Eventually EMC's fraud was discovered, and the government suspended Medicare and Medicaid payments to EMC. This caused EMC to suffer financial reverses and, eventually, led Dexia to have to pay $55 million on EMC's behalf to satisfy obligations to bondholders. Dexia was unable to obtain reimbursement from EMC. It thereafter sued Rogan, Braddock Management, and Bainbridge Management for fraud, conspiracy, and other torts. In May 2007, Dexia obtained a default judgment against Rogan and the entities for actual damages of approximately $53 million, punitive damages of approximately $53 million, prejudgment interest of approximately $18 million, and costs of approximately $11,000.

Dexia then instituted proceedings to attempt to collect its judgment. Both before and after entry of the judgment, Dexia met with stalling, resistance, and outright evasion from Rogan and others connected with him. It ultimately obtained documents and other evidence that led it to file, in mid-August 2008, its motion seeking imposition of temporary restraining orders and preliminary injunctions against various persons and entities.

At issue in the present proceedings are trusts that Rogan established for the benefit of his three children. They include three United States-based trusts established in 1992 and three Belize-based trusts established in 1997. In 1992, Rogan's children were ages 14, 11, and 8, respectively. The trusts were initially funded primarily with ownership interests in Rogan-controlled businesses.

When EMC was sold to Northside Operating Company in 1994, the children's trusts, which held stock in a Rogan-controlled entity that owned the hospital, received a total of approximately $4 million from the sale proceeds of $31 million. The trusts also owned entities that, in turn, owned the management companies through which Rogan continued to operate EMC following its sale. During the period when Rogan operated EMC via these entities--1994 through 1997--the children's trusts received millions of dollars in distributions from the entities.

In 2002, the federal government instituted litigation against Rogan under the federal False Claims Act concerning the alleged submission of false Medicare and Medicaid claims for patients referred to EMC. In that case, Judge John Darrah found that in the early 1990's, Rogan entered into a conspiracy with another EMC officer and two physicians to pay the physicians kickbacks and other improper benefits in return for patient referrals. These referrals, in turn, resulted in substantial profits for Rogan. See United States v. Rogan, 459 F. Supp. 2d 692, 700 (N.D. Ill. 2006). Though the government's lawsuit directly concerned particular false claims submitted from 1995 through 2000, Judge Darrah found that "[t]he conspiracy was evident in the early 1990s." Id. Based upon other findings by Judge Darrah, it appears that he concluded the conspiracy began (albeit on an apparently smaller scale) at least as early as 1993, see id. (findings concerning dealings between Roger Ehmen and a Dr. Barnabas)--in other words, before the 1994 sale of EMC to Northside Operating Company that generated proceeds paid to the children's trusts. Judge Darrah found that the government proved that from 1995 through 2000, Rogan caused Edgewater to submit over $19 million in false claims to Medicare and Medicaid. Id. at 727. As indicated earlier, during at least part of that period, the Rogan children's trusts received significant distributions from the entities managing the hospital's operations, whose operations were in turn controlled by Peter Rogan.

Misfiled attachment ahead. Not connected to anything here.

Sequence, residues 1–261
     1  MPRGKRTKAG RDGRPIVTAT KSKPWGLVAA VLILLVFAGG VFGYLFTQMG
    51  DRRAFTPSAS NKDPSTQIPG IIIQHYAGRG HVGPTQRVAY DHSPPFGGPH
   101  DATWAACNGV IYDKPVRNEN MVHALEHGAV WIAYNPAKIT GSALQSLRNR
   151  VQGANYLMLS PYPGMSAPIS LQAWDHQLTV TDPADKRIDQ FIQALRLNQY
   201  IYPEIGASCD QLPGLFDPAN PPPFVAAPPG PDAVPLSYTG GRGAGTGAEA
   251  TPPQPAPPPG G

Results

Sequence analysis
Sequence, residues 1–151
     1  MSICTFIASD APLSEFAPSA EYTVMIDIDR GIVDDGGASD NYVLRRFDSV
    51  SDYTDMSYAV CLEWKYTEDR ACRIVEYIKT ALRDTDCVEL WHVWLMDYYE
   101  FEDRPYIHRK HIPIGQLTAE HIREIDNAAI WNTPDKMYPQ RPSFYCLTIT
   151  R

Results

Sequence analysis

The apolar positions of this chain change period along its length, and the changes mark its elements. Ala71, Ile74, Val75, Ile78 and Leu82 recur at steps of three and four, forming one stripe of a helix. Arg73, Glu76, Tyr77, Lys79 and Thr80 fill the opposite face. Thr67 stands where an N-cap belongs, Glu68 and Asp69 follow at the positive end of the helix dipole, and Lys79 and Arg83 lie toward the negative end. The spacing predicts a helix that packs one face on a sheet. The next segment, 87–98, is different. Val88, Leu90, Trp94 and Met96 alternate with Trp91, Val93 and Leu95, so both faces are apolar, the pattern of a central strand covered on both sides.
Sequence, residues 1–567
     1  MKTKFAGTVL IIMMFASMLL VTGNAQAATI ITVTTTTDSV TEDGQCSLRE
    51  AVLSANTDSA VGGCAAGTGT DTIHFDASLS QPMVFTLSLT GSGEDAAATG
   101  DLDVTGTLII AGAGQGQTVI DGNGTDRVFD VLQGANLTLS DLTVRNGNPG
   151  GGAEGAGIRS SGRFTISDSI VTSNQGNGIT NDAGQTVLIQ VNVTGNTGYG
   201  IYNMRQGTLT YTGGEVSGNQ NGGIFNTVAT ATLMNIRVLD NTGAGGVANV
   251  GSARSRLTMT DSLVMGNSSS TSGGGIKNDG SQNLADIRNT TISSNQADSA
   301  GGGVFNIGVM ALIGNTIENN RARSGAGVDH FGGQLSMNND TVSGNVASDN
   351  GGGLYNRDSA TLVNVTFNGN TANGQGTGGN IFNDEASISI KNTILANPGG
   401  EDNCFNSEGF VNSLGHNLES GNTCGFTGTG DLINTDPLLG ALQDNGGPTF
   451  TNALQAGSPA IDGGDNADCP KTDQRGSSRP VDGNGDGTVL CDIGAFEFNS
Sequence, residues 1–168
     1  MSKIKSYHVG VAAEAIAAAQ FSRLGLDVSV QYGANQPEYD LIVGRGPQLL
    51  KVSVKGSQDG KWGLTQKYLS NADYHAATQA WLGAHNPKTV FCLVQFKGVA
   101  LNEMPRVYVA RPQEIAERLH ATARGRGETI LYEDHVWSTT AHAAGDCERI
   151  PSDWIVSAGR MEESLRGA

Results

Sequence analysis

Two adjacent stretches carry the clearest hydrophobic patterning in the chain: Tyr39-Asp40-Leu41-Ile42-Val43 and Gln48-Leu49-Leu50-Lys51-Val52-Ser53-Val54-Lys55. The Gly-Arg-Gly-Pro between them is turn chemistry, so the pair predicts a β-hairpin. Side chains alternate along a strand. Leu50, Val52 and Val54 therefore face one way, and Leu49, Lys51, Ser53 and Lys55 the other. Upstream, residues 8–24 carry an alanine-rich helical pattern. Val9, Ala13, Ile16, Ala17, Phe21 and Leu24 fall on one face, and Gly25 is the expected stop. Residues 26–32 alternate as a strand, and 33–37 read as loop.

Based upon these facts, which the Rogan children do not contest, the children's trusts have been funded, in significant part, with assets that fairly may be considered to be the proceeds of fraud. On the other hand, Dexia does not appear to contend, and it has not shown at this juncture, that all of those funds were the proceeds of fraud.

In its submission in support of its motion for temporary restraining order and preliminary injunction, Dexia offered evidence tending to show that following the establishment and funding of the children's trusts, Rogan continued to exercise control over the trusts and the assets they held. In the current proceedings, the children have not challenged Dexia's contention in that regard. For this reason, the Court, again, reviews this evidence in summary fashion.

First, Rogan's personal attorney, Fred Cuppy, played a direct role in administering the children's trusts. In 1999, Cuppy, in his role as trustee, received on the trusts' behalf a distribution of a little over $1.2 million from Braddock Management LP; immediately caused the trusts to "loan" $1.35 million to Boulevard Management, Ltd.; and Boulevard, via the assistance of Troy Myers (another Peter Rogan attorney), in turn transferred $1.2 million to Rogan himself. This sum was transferred ostensibly to pay off a promissory note, though no documents evidencing the note have surfaced. See Dexia Ex. 349 ¶ 46 & attached Ex. KK. The Court reasonably may infer, and does infer, that Rogan and Cuppy used the children's trusts on this occasion to facilitate a significant payment to Rogan via a circuitous route which, the Court infers, was employed to try conceal payment to Rogan of what amounted to a very large cash distribution from entities in which he had no significant ownership interest of record.

Dexia's evidence also reflects that Rogan controlled and controls certain investments that appeared on the surface to be owned by the children's trusts. These include various real estate developments in Savannah, Georgia. Dexia's evidence also reflects that Cuppy caused the children's trusts and a Bahamian trust established by Rogan to invest in the same Rogan-related enterprises. Indeed, in 2002, Cuppy caused an entity that was, on paper, owned entirely by the children's Belize-based trusts to transfer nearly $1 million to an entity from which Rogan and Cuppy drew money for Rogan's benefit. Finally, Dexia has offered evidence tending to ...